After a long day traveling, there are two things you don’t want to find entering a hotel lobby: an empty counter or a long line. What you want is quick service, a friendly welcome, and a key packet ready to go.
Unfortunately, on one of my business trips this summer, I walked into the hotel lobby where check-in was a lingering maze of people which resembled the line for the Pirates of the Caribbean ride at Disneyland. To make the situation more surprising, this property is a megaresort casino, an industry leader, and not considered a value brand.
Being a savvy traveler, I wasn’t going to sit back and accept our fate. So, I left my husband Brady in the long maze of people while I went to the check-in kiosk line. After 30 minutes, I made my way to a team member stationed near the kiosk along with another person, helping guests when the machine did not work. When a team member tells you, “It’s a good thing you are in line now because, at times, it can be up to two hours to check-in.” Generally, I would think the team member was exaggerating, but I discovered she wasn’t. Throughout my stay, I heard frustrated visitors talking about the “horrible” check-in experience at various venues throughout my stay. It took one guest five hours to get into a room for an expedited “buy-up” option that needed to be resolved at the desk.
According to Raving Hospitality Partner Brett Magnan—who happened to be the unlucky guest—he says this type of failure is much larger than an inefficient hotel team. “Technology has given us many options to improve the guest experience, but too often it makes it worse,” he said. “Fixing this requires digging into the core failures of the guest experience.”
Maybe it is time for a hotel efficiency audit, using a Lean Six Sigma approach (we saw this methodology being used by Motorola in the United States in 1986 to compete with the Kaizen business model in Japan). This can be used in all areas of your operation. By taking a Lean Six Sigma approach to improving your operation, you will discover ways to improve costs as well as the guest experience. Lean Six Sigma is about making data-based decisions for improvement and is used extensively in manufacturing. Companies like Nike, Amazon, and Toyota, to name a few, use the methodology to eliminate waste and improve production. If we think of our front desk check-in process as a production line, we can use the principles to improve service. Here are the critical steps to consider:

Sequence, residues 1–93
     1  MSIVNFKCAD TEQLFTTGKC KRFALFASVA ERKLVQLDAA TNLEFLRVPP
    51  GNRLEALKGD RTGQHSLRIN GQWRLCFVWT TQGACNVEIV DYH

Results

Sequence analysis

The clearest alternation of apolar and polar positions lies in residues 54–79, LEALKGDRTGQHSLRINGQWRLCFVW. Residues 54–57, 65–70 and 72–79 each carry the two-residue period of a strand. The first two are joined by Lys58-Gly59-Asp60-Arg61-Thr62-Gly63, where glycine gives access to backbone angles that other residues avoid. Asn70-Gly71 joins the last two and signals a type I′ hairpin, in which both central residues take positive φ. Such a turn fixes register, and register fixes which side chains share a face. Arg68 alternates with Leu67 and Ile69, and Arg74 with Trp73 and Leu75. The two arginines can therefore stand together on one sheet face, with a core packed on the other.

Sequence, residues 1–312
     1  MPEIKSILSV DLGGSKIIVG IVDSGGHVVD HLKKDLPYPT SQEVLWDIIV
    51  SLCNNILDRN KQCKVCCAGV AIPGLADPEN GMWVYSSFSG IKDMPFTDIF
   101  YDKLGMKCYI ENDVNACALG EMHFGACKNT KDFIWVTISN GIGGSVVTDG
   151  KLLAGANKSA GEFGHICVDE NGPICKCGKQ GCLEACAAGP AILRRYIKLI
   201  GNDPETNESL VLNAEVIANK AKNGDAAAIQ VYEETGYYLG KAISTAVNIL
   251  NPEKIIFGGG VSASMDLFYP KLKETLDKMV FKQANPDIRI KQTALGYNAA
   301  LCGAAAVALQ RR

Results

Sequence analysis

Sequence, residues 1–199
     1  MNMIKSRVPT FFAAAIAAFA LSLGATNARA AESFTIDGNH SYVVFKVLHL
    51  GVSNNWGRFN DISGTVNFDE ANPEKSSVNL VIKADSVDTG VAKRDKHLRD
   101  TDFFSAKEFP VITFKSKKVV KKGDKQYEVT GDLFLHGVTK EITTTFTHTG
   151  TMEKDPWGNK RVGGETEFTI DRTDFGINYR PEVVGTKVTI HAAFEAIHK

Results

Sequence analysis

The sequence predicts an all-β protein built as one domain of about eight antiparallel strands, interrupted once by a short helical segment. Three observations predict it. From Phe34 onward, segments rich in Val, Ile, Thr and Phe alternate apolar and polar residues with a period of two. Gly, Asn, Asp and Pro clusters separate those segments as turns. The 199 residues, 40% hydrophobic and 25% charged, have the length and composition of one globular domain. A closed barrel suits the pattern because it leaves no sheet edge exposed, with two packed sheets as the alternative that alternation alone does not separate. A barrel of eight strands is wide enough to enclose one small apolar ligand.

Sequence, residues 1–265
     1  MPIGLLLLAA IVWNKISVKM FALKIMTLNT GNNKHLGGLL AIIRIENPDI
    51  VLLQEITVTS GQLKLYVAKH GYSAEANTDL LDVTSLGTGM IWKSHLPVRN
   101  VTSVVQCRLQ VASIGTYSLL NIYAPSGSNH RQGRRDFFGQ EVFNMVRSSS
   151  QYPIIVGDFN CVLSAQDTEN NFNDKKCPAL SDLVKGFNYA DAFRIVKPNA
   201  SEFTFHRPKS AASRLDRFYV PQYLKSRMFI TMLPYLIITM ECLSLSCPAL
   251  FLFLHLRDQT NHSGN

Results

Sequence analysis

Focus on the guest: I know you are thinking, of course, we do this, but as I am thinking about the scenario I described earlier, that is easier said than done. What do we put them through to get into their room? Ask them. They will tell you.
Identify how the process gets done: Assign someone to outline the actual steps and measure the time it takes for each step. Evaluate your check-in data versus labor over a measurable period.
Improve the process flow: Now create a best-case scenario process. Do you need more kiosks or terminals? Alternatively, is it just a matter of better scheduling? You won’t honestly know until you look at the numbers.
Remove non-value-added steps: Identify the measures you can eliminate to improve the experience.
Reduce variation and manage by fact: Finally, create a measurement tool and implementation plan to ensure consistency and ongoing improvement.
Moreover, don’t forget the areas where you don’t see a line like room service, lost and found and housekeeping. How long does it take for a guest to make a reservation on your website and over the phone? How many dropped calls or reservations do you have? What time are most reservations made? Evaluate and categorize the questions that come through your website. The key is to evaluate using data and then institute continuous measurement to ensure consistency. Creating this type of a data-driven approach works when all departments are involved and begin to identify each step of the guest or team member journey as a process. If implemented correctly, you can create an efficient and more profitable organization.
If this sounds like too much work, maybe there is a simpler solution… schedule your corporate executives, vice presidents and managers to work the hotel check-in area daily until the problem is resolved.